A Freakonomics Radio Bleg: What’s Your Name?

Want to be part of an episode of Freakonomics Radio? We’re working on a podcast about names and we want to hear from readers and listeners about their own names — common ones, unusual ones, everything in between. So we’ve set up a voicemail line at 646-829-4478. Give us a call and tell us your full name, and then tell us a little bit about your first name – how you got it and what it means. Thanks!

Addendum: Thank you for all your emails and messages! Our line is now closed. Our names podcast will be out on 4/8/2013. 

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  1. Pey-Lih Littler says:

    Since I am emailing and not calling your voicemail line, my name is pronounced “Pay-Lee” It’s not Pee Wee, not Payless, not Pele the soccer player. It’s very simple: Pay-Lee. People often ask me, “What does your name mean?” When I was young and cheeky, I used to tell people that my name translated to “beautiful white clouds in the mountains hovering above the forest waiting to break rain on your newly washed car.” I think the part about the car ruined the flow of the picture. Anyways, here’s the real meaning. The chinese character “Pey” stands for respect, to admire and “Lih” (the second half of my FIRST name) is derived from the jasmine flower. It is common for asian girls to have this second character in their name. Littler (pronounced Lit-Ler) is British. This is my married name. Pey-Lih was the name my grandmother gave me when I was born.

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  2. Adam C. Austin says:

    My oldest child we named Corbin Ronal. Originally we wanted to name him Jude, but we changed our minds at the last minute when we saw Corbin Berstien’s name pop up in the credits for the TV show Psych, and liked the name so much that we had to make the change.

    Ronal on the other hand is a family name by way of my father who was named James Ronal. His father was named Ronald James and so when it came time to name my father his parents told the nurse at the hospital that his name would be “James Ronald”, but my fathers parents were poor, uneducated people with big cournty drawls living in rural Arkansas, and so when they told the nurse (who was slightly more educated and also living in rural Arkansas) that my father would be named “James Ronald” the “d” got lost in the drawl and the nurse understood it as James “Ronal.” No one caught it at the time and so my dad’s middle name was forever “Ronal.”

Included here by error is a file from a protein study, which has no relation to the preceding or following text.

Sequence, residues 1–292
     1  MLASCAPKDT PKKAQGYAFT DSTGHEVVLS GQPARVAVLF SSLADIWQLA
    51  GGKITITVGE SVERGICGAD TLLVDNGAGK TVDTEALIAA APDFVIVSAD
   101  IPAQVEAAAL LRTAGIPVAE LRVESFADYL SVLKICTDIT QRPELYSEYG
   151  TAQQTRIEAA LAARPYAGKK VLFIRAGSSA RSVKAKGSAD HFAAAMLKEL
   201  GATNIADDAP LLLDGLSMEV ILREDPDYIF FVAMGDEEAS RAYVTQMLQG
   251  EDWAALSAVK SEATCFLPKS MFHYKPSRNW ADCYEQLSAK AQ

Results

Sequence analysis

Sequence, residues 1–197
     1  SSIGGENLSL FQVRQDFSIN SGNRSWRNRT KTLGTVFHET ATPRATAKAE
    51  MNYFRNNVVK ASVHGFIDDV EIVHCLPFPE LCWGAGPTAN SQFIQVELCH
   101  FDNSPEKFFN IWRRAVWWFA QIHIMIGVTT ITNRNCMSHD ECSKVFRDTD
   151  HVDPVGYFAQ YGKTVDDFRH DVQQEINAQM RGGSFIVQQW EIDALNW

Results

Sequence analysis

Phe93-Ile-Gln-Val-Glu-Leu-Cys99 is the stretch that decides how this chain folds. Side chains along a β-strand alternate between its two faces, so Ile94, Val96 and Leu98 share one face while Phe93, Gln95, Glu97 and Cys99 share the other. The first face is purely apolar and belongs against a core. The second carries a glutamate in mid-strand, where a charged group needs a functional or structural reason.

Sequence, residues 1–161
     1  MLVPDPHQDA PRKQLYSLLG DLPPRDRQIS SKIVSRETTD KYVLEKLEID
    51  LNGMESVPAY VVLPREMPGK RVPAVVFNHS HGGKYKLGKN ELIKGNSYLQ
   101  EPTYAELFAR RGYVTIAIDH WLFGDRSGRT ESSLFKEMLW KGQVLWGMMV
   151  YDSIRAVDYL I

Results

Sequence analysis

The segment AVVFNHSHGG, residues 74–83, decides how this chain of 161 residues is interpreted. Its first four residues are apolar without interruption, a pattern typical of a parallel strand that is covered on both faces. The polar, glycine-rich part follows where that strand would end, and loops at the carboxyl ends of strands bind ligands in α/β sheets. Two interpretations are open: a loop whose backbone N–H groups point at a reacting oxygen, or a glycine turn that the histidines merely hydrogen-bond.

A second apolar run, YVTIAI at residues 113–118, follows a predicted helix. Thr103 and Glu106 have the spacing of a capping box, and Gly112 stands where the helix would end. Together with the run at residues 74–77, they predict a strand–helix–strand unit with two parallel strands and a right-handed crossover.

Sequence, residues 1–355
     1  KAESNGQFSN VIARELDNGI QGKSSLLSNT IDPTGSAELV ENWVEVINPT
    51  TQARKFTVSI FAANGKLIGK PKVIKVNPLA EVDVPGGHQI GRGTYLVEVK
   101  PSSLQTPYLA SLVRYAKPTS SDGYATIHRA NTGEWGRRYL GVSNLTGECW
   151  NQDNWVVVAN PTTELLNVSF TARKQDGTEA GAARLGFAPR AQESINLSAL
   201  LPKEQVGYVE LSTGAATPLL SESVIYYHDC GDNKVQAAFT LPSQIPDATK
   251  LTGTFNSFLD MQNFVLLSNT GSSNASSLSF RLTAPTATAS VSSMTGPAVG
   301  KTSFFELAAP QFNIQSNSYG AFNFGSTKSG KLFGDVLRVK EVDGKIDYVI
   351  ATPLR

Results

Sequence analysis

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  3. Libby Cecchi says:

    No, my name is not as unusual as a lot of them posted here, but I’m writing to you today because I truly like my name. My parents named me Libby but my paternal grandmother recommended they use “Elizabeth” on my birth certificate (interesting fact: Elizabeth is the name with the most number of diminutives). I always liked that I was the only Libby around and secretly enjoyed when people used to sing me the “Libby’s Libby’s Libby’s” song from the commercials, even though I rolled my eyes. The only problems I have with the name are when I travel, so I switch to the more universally known Elizabeth.

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